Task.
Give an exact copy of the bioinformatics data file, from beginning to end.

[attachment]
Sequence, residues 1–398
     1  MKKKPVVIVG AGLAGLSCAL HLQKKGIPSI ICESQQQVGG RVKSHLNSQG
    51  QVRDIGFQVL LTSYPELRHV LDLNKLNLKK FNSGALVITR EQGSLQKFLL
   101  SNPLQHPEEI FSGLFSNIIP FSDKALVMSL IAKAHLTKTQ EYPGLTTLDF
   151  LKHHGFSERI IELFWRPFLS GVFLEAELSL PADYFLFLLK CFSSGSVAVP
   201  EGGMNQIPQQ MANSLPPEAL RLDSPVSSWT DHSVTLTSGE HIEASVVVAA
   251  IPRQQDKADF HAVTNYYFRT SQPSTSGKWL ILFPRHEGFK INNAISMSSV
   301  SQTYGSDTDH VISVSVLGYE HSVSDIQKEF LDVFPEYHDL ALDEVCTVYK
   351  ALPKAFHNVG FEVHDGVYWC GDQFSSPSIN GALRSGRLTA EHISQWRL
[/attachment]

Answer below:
Sequence, residues 1–398
     1  MKKKPVVIVG AGLAGLSCAL HLQKKGIPSI ICESQQQVGG RVKSHLNSQG
    51  QVRDIGFQVL LTSYPELRHV LDLNKLNLKK FNSGALVITR EQGSLQKFLL
   101  SNPLQHPEEI FSGLFSNIIP FSDKALVMSL IAKAHLTKTQ EYPGLTTLDF
   151  LKHHGFSERI IELFWRPFLS GVFLEAELSL PADYFLFLLK CFSSGSVAVP
   201  EGGMNQIPQQ MANSLPPEAL RLDSPVSSWT DHSVTLTSGE HIEASVVVAA
   251  IPRQQDKADF HAVTNYYFRT SQPSTSGKWL ILFPRHEGFK INNAISMSSV
   301  SQTYGSDTDH VISVSVLGYE HSVSDIQKEF LDVFPEYHDL ALDEVCTVYK
   351  ALPKAFHNVG FEVHDGVYWC GDQFSSPSIN GALRSGRLTA EHISQWRL